Timing is everything
If I’ve got a complaint about this keyboard, it’s about the fact that we’ve had to wait six months for it to arrive. Anyone who has been using an iPad Pro for writing the past six months has had to find another solution in the interim. The good news is, I’d imagine that the iPad Pro’s size and shape probably won’t change again for a little while, so this product can have a long life as a good option for iPad Pro users.
There’s just one little wrinkle: Federico Viticci’s tidbit that iOS 13 may add support for external pointing devices. This gives me pause, because the one thing that would be a better partner for my iPad than than the Brydge Pro would be a newer model of Brydge Pro that included a trackpad, like the company’s Surface Pro keyboards. If I’m going to occasionally make my iPad behave like a laptop, why not go all the way? On the other hand, I don’t want to wait another six months.
It’s all in how you use it
Whether the Brydge 12.9 Pro keyboard will be the right choice of accessories to pair with your iPad Pro’s naked robotic core really depends on how you plan on using it. I have spent a couple of decades writing on laptops, and expect a stable laptop-style typing surface that can sit in my lap or on a desk or table.
While the Smart Keyboard Folio is more stable in a lap than its predecessor, it’s not as stable as the Brydge 12.9 Pro, nor is it as enjoyable to type on. It’s lighter, I’ll grant you, and if I needed to carry an iPad keyboard everywhere I went, I’d probably give the Smart Keyboard Folio strong consideration.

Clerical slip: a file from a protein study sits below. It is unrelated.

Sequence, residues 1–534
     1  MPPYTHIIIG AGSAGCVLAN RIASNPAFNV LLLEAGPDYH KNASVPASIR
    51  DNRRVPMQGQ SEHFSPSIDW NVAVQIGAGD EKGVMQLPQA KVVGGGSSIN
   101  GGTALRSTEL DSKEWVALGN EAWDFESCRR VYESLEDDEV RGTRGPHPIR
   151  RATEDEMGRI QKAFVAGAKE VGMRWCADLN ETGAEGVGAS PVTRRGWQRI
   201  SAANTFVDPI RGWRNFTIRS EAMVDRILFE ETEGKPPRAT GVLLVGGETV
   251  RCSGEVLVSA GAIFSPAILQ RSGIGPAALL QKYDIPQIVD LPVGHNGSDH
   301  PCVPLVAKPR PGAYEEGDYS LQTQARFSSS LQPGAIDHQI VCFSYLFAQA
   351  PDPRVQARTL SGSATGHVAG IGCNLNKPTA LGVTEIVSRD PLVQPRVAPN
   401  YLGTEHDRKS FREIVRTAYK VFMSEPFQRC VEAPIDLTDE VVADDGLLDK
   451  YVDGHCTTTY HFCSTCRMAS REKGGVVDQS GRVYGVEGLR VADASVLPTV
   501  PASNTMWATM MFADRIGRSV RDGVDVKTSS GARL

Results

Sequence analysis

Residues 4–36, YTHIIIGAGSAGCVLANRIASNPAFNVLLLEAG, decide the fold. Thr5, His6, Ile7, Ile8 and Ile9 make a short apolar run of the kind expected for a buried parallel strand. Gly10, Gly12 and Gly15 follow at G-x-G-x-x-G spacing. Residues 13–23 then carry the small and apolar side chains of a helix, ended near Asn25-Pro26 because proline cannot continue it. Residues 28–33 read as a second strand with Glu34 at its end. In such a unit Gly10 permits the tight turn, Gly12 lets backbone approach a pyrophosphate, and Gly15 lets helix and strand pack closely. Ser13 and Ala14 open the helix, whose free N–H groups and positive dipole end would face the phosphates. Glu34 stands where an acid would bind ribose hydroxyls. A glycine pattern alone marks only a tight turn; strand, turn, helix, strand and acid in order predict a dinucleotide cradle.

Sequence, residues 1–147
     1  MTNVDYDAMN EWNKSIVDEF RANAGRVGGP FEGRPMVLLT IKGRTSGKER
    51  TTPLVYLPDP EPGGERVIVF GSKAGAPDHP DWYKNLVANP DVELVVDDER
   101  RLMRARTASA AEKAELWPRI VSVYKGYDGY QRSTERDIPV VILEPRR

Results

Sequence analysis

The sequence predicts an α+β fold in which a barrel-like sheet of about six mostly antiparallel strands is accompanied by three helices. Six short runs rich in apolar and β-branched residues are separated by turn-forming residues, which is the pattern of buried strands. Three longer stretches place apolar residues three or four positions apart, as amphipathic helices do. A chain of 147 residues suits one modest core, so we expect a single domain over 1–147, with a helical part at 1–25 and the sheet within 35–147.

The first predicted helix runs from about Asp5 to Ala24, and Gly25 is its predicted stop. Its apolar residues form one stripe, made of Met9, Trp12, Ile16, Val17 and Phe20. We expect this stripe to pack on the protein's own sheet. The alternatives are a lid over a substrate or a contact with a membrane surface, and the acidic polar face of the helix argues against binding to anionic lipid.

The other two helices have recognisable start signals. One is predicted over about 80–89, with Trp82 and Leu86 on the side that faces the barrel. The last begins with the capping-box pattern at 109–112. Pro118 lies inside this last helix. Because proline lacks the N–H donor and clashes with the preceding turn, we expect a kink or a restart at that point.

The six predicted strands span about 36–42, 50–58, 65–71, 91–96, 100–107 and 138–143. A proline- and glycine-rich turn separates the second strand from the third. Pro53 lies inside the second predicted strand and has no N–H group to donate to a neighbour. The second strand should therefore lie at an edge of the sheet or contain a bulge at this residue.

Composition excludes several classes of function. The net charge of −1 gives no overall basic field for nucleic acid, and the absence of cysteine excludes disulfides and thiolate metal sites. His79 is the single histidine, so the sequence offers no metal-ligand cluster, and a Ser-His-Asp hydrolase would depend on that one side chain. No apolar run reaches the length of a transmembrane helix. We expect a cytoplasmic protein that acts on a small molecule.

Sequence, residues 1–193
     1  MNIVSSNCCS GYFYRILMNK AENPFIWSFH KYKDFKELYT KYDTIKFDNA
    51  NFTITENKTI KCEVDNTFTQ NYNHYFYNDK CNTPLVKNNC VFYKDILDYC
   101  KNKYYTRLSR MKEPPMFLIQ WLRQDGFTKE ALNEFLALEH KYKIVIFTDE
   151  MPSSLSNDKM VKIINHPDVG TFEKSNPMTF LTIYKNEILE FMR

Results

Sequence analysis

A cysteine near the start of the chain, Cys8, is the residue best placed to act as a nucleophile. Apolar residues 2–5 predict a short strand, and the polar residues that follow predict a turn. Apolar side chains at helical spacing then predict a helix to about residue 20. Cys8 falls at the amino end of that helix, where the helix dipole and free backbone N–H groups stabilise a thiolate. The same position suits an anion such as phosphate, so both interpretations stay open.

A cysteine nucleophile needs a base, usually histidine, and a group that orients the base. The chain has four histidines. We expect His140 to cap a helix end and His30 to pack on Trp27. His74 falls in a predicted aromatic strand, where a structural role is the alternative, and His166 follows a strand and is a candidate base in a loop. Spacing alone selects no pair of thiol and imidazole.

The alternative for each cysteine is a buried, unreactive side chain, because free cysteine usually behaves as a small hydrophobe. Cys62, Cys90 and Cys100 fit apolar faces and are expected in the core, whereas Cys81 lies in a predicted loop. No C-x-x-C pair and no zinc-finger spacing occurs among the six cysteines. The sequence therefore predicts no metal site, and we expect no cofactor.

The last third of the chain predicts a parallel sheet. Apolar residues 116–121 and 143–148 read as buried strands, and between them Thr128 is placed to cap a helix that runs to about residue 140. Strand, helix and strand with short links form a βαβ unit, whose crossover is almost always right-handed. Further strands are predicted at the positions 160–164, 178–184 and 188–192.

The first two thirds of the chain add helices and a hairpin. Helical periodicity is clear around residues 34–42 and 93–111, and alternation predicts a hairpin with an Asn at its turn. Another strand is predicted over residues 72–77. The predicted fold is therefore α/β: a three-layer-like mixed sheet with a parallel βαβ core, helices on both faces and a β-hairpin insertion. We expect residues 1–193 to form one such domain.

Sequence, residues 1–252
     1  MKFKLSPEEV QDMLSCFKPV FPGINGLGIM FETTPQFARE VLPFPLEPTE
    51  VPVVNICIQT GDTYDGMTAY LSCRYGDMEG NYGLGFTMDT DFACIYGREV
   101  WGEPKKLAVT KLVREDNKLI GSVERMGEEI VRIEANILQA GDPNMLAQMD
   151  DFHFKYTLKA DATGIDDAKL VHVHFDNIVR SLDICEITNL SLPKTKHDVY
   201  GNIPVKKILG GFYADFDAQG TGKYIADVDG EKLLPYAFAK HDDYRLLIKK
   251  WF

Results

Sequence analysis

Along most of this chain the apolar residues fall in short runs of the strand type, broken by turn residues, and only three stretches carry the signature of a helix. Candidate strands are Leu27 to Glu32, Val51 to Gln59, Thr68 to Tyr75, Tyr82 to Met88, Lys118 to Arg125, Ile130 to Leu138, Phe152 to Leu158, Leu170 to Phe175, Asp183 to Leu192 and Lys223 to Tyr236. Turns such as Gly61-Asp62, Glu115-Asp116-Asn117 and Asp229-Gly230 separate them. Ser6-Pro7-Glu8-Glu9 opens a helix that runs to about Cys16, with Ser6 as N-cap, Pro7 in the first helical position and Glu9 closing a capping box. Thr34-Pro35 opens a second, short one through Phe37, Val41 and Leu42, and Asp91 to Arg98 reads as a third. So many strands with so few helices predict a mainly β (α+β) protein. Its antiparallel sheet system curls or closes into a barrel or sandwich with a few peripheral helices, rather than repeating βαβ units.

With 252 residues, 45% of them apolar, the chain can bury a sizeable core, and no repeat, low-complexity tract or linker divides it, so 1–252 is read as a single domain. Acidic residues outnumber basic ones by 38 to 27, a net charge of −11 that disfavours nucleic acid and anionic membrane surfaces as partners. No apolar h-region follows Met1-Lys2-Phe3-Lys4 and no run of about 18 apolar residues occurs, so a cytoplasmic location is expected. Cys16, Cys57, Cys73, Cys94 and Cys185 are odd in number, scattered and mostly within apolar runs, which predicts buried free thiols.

The Logitech Slim Folio Pro, on the other hand, might offer a slightly nicer keyboard than the Brydge, but it’s a part of a quite bulky case with a not-quite-laptop design that requires you to laboriously insert and remove your iPad Pro. The beauty of the Brydge keyboard is that you can turn your iPad into a laptop and transform it back into a tablet in moments. To me, that’s the perfect combination, and that’s why I think the Brydge Pro keyboard is the right choice for people who want to get some serious typing done on the iPad Pro while on the go.
- Please, nobody mention hot dogs. ↩